Biden Openly Believes Obamacare's More Important Than Every Single Constitutional Right


Joe Biden held a “virtual happy hour” for young people this week on social media.

It was problematic for a few reasons — and not just because of what he said about Obamacare, which was truly mindblowing.

First off, the attendance — “2800 simultaneous viewers throughout the chat,” according to CBS News reporter Bo Erickson — was really rather sad.

Any major party presidential candidate who had so few people show up to a video happy hour during the middle of a period of social distancing in which we’re all trapped at home watching “Tiger King” would fire his social media team for utter incompetence.

That number wouldn’t have been acceptable in 2000, much less 2020. I doubt, too, that it was because Biden was hosting a happy hour and he doesn’t drink. This is a clear sign that his campaign is having trouble generating excitement, particularly in the midst of the most serious pandemic in a century.

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And yet, according to Erickson, the whole thing was “#lit.”

This is possibly one of the most #unlit things ever:

For most people who don’t want to attend a virtual happy hour with a teetotaler, which seems to be a lot of people, there was a bit of news made by Biden — namely, that he thought Obamacare is “maybe, the most important human right that anyone should have.”

“One of the proudest days of my career in the United States vice presidency was the day we passed Obamacare,” Biden said.

“You know, there’s over 100 million people with pre-existing conditions,” he continued.

“Whatever it may have been. A woman who had breast cancer. A child with Crohn’s disease. A whole range of things,” he said. “They weren’t able to get insurance before; now they cannot be denied insurance.

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“Also, there’s 20 million people who never had health insurance before that have it now,” he added.

“You’re able to stay on your parents’ policies now until you’re 26 years old, which is vitally important to a generation that got kicked in the teeth” by the 2008 financial crisis.

“And so to me, it is, maybe, the most important human right that anyone should have and that is to be able to take care of your own.”

He’s going to “restore all the cuts” Republicans have made to Obamacare, in addition to “further subsidiz[ing] it.”

He also said he will “significantly drive down drug prices, significantly drive down costs.”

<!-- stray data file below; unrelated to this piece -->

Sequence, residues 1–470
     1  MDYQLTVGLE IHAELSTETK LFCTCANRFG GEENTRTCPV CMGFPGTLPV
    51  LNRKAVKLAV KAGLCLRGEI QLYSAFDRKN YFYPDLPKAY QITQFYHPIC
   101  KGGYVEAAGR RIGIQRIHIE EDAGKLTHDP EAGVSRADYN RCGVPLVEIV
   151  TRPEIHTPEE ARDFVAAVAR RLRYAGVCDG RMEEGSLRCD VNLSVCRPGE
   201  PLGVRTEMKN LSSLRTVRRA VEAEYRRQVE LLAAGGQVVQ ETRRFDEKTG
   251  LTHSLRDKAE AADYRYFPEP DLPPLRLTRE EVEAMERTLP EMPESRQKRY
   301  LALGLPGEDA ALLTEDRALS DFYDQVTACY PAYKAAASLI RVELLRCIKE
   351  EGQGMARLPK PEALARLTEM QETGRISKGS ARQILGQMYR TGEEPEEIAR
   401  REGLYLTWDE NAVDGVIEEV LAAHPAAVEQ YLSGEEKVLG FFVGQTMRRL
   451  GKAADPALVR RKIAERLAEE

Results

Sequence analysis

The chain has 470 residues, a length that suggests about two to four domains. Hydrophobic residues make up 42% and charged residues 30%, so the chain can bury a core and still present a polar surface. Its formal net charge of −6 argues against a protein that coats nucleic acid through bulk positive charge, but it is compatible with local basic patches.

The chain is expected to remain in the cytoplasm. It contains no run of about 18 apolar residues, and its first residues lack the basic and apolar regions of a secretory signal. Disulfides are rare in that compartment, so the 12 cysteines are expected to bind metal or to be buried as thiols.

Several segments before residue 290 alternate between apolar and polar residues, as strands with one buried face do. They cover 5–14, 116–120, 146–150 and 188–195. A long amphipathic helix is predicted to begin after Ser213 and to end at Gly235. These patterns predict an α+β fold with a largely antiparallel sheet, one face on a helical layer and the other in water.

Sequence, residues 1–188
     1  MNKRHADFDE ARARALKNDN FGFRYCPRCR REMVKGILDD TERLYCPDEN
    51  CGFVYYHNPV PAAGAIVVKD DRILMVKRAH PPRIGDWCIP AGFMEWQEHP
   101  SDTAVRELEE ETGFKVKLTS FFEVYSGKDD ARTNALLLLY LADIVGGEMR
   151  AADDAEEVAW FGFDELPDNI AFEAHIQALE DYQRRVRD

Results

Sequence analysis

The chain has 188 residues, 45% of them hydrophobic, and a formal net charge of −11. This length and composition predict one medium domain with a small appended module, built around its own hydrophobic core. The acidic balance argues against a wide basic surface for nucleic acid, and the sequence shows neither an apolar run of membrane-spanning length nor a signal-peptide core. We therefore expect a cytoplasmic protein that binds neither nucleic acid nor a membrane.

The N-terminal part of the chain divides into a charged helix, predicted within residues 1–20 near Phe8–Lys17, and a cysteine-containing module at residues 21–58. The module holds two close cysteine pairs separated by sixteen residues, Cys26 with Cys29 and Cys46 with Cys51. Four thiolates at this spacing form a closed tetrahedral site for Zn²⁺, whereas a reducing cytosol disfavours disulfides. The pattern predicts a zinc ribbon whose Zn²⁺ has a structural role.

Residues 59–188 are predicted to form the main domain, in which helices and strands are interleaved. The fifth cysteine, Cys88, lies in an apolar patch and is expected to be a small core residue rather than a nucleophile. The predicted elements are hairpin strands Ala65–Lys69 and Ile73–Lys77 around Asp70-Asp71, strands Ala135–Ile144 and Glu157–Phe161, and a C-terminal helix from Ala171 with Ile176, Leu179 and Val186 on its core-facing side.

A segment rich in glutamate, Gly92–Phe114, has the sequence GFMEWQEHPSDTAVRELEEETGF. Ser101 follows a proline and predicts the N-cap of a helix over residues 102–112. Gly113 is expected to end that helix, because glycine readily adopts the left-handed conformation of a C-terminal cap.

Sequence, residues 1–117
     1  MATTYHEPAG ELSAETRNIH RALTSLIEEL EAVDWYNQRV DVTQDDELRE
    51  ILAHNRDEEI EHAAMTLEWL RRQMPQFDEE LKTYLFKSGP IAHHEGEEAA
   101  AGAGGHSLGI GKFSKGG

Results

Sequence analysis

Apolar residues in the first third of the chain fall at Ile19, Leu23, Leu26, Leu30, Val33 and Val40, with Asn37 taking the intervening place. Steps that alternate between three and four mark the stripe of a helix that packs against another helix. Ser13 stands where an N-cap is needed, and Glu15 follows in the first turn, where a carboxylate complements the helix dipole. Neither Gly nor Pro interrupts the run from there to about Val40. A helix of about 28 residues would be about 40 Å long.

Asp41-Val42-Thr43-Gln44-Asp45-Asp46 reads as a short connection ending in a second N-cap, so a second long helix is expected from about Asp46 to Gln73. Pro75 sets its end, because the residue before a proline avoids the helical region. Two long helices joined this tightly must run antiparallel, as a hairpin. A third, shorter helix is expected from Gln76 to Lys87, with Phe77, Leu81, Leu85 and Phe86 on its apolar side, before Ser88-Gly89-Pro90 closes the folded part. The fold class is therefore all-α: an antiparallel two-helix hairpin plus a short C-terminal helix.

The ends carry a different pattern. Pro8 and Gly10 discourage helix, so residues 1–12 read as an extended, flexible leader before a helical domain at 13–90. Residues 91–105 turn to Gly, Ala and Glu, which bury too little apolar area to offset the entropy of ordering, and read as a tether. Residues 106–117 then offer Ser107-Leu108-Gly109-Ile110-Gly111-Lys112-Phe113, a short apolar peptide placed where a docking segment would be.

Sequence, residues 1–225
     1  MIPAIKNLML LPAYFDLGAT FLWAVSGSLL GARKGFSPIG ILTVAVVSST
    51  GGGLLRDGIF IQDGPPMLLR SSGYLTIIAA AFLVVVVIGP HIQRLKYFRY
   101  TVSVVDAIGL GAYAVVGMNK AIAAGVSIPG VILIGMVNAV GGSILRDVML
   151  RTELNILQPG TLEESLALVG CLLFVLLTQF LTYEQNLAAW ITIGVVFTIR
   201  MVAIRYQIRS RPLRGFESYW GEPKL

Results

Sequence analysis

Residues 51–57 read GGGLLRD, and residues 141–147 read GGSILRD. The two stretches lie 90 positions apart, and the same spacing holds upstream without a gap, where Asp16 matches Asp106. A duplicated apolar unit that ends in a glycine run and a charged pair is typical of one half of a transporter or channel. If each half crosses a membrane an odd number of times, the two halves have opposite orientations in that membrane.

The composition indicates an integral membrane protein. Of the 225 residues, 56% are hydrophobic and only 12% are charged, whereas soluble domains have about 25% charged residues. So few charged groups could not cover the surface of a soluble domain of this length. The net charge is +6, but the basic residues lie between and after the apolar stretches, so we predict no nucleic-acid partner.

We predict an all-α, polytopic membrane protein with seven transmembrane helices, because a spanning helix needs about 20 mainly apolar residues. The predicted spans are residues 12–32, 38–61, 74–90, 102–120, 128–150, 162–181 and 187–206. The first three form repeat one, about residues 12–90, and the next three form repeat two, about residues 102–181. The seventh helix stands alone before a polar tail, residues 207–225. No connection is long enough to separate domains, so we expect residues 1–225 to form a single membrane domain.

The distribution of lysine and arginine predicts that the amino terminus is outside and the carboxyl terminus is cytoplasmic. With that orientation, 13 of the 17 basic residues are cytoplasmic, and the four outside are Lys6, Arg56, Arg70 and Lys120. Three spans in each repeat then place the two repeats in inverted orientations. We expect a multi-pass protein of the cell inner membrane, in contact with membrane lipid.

This was a basic sketch for which he didn’t provide specifics, but anything else “is just criminal, in my opinion.”

But yes, there you go — Obamacare is apparently more important than any other right that we have.

Do you think that Obamacare is a right?

Freedom of speech? Freedom of the press? The right to privacy? The right to bear arms? Ending slavery? Anything else in the Constitution?

Health care is a service and a commodity, not a right. Obamacare was one of the worst things that’s happened to our ability to obtain it cheaply, and now Joe Biden wants to preserve the worst parts of it and augment it.

And he believes that’s a human right.

I understand Joe Biden is having a rough time of it. It isn’t just that he’s out of the spotlight right now and that his “shadow briefings” have more or less been disasters.

Watching this “virtual happy hour,” you get the impression of someone who was engaging in desperate impulses to rap with the kids despite the fact that younger liberals — much like older liberals, or in-between ones — are only supporting him because they have no better alternatives left.

That said, stuff like that doesn’t make anyone want to take him more seriously.

No “rights” were conferred by Obamacare. If anything, it took rights away — the right to not buy or not buy a service without being taxed.

You have no right to a service. To state anything else is arrant nonsense. Decidedly #unlit.

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C. Douglas Golden is a writer who splits his time between the United States and Southeast Asia. Specializing in political commentary and world affairs, he's written for Conservative Tribune and The Western Journal since 2014.
C. Douglas Golden is a writer who splits his time between the United States and Southeast Asia. Specializing in political commentary and world affairs, he's written for Conservative Tribune and The Western Journal since 2014. Aside from politics, he enjoys spending time with his wife, literature (especially British comic novels and modern Japanese lit), indie rock, coffee, Formula One and football (of both American and world varieties).
Morristown, New Jersey
Catholic University of America
Languages Spoken
English, Spanish
Topics of Expertise
American Politics, World Politics, Culture